As an observer to many of these efforts, friends and family are normally the first to see changes in the victim. Moods start to drastically change, victims become distant, and an emotional wedge starts to be placed between loved ones, leading to the relationship being questioned. Because of the current stigma and misconceptions around just how deeply romance victims are abused, attempts to help often lead to more hurt, because external observers do not account for the victim’s perspective. Before digging into the psychology, and physiology, of romance victims, let’s touch on one of the biggest misconceptions: the stigma.

False: Romance Scam Victims are Stupid

The biggest misconception is that all romance victims are stupid. This feeling and sentiment stems from an outside observer pointing out that the victim’s story doesn’t add up, with the ending of the conversation being “you need to get out of the relationship, you’re being stolen from.” Outside parties struggle to comprehend why someone would continue staying in a relationship after being presented with this information, which leads them to jump to the simplest conclusion: the victim must be uneducated, naive, and unable to listen to an outside party.

While it is true that the victim may not want to get out of the relationship, there is much more going on inside the victim than meets the eye. Victims are not stupid and, sadly, human psychology and physiology have a lot to play in this.

True: Romance Victims are Love-Bombed by Their Handlers

With the hopes of finding that special someone, humans across the world rely on social media and dating applications to find someone to love. Romance victims start out lonely just like everyone else, and when they feel like they found that special someone looking for the same thing, great! Scammers will use any means necessary, including playing on religion or eternal love, to string potential victims along. Victims fall in love and become hooked, with their bodies releasing more dopamine and oxytocin the longer they’re in the relationship. Because scammers bombard them with love, attention, and affection, victims become blind to the unfolding situation. And, because of this, having an outside observer challenge something they know (to them) is true, they push outside observers away.

Victims send money to their loved ones in need, because they love them. Who wouldn’t send money to a loved one in need, especially if they promised to pay you back?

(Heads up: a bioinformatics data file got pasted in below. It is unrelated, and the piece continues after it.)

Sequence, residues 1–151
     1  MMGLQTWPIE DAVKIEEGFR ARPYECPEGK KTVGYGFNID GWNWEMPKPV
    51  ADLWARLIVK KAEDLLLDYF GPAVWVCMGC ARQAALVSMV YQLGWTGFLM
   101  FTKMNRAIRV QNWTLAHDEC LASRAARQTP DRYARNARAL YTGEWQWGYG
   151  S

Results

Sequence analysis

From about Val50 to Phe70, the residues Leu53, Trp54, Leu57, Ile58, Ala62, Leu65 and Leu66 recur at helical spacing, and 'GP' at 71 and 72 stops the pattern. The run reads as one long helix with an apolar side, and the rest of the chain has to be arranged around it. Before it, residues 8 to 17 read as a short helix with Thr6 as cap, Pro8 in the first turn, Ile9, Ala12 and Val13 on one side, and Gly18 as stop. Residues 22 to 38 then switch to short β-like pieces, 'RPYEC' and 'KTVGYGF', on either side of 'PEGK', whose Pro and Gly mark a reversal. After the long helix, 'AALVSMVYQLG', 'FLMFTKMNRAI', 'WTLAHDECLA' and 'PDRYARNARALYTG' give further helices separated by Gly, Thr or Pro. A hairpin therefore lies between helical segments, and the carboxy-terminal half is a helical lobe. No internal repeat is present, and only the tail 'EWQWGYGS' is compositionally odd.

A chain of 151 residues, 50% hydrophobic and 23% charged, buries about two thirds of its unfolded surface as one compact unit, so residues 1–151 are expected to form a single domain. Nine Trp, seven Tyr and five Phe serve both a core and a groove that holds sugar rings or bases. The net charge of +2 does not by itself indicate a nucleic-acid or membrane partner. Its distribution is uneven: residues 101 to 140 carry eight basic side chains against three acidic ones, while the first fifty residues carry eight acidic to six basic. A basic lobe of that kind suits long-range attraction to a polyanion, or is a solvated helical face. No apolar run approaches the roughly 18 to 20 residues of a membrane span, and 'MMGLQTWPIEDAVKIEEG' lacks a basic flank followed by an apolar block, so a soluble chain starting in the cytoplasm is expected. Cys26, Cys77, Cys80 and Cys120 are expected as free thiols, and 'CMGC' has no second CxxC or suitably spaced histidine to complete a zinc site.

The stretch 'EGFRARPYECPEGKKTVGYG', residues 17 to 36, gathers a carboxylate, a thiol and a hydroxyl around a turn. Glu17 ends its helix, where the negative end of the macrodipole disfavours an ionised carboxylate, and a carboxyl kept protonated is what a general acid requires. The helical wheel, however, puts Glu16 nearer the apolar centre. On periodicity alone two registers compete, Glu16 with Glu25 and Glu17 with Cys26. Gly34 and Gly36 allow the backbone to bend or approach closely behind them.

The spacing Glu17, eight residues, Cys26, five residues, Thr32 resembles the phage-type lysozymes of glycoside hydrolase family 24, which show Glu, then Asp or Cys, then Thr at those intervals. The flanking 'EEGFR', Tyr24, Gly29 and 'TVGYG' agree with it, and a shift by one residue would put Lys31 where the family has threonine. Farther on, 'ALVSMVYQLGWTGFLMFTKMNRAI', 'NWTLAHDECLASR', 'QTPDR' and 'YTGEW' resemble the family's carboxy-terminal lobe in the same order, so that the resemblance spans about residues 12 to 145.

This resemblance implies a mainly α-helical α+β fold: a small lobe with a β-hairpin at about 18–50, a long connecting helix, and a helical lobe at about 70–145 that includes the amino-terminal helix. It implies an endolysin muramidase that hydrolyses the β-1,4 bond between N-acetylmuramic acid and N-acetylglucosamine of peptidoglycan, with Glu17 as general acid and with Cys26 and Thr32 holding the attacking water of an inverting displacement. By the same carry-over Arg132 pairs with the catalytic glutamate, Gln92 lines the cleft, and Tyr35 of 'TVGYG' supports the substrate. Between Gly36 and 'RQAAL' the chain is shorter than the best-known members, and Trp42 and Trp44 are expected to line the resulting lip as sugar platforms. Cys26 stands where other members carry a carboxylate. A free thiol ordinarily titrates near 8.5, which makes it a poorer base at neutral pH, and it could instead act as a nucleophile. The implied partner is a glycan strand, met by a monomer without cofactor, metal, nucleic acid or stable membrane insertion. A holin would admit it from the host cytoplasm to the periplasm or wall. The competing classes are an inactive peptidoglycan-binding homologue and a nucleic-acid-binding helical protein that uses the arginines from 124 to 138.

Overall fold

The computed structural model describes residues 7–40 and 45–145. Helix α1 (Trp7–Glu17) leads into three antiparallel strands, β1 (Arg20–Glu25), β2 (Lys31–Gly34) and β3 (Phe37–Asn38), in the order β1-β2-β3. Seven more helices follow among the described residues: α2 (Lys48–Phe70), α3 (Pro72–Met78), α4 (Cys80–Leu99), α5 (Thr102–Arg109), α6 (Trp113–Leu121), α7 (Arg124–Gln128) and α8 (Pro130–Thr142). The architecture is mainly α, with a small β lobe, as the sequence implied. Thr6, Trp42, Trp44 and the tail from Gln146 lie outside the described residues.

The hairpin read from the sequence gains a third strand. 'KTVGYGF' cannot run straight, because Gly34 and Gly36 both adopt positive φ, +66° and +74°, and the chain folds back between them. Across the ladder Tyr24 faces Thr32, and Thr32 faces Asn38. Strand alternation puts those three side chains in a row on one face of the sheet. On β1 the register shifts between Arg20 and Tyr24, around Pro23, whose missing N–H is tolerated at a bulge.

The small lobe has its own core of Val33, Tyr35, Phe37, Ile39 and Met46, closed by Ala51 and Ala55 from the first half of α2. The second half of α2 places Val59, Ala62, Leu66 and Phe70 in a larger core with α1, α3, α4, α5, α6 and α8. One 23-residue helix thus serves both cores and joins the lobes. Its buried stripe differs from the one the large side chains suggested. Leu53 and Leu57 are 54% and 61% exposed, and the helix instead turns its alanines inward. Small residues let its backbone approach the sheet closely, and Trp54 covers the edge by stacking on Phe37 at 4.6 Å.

True: Romance Victims are in Abusive Relationships

While it may seem counter-intuitive, victims of abuse stay in relationships longer than they should, with these claims being backed up by decades of psychology. Romance victims are no different, with scammers using extensive psychological manipulation and grooming to force victims to send or receive money. Scammers lie about where the money will be used, and what for, leaving victims even more confused about what’s going on. Victims rationalize the behavior because “no one would ever be that heartless,” but many scammers really are that heartless. They don’t understand the full scope of the damage they’re causing, doing anything they can to make a dollar bill.

Romance victims are left psychologically and emotionally abused to the point where they become a shell of their former selves, with society turning a blind eye and labeling victims as stupid. They shut down, internalize everything, and lose all hope of getting out of the relationship.

How to Talk with Romance Victims

Be kind and gentle.

As you read this, you might have a family friend in mind who is a victim of a romance scam. You may have even talked with them and found yourself angry or frustrated because they couldn’t see through the crime. In your mind it’s fraud, but in their mind it’s love. Victims live in emotionally and psychologically abusive relationships, with decades of research explaining how difficult it is for victims to get out of the relationship. Victims rationalize the behavior of their abusers, making it even more difficult to get out of the relationship.